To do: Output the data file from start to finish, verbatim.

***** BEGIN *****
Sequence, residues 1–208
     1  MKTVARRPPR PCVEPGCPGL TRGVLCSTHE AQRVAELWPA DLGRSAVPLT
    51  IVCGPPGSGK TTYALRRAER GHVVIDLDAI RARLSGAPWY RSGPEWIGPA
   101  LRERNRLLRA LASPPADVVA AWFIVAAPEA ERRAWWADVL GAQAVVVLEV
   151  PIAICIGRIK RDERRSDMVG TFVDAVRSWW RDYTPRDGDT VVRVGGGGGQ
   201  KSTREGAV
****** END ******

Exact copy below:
Sequence, residues 1–208
     1  MKTVARRPPR PCVEPGCPGL TRGVLCSTHE AQRVAELWPA DLGRSAVPLT
    51  IVCGPPGSGK TTYALRRAER GHVVIDLDAI RARLSGAPWY RSGPEWIGPA
   101  LRERNRLLRA LASPPADVVA AWFIVAAPEA ERRAWWADVL GAQAVVVLEV
   151  PIAICIGRIK RDERRSDMVG TFVDAVRSWW RDYTPRDGDT VVRVGGGGGQ
   201  KSTREGAV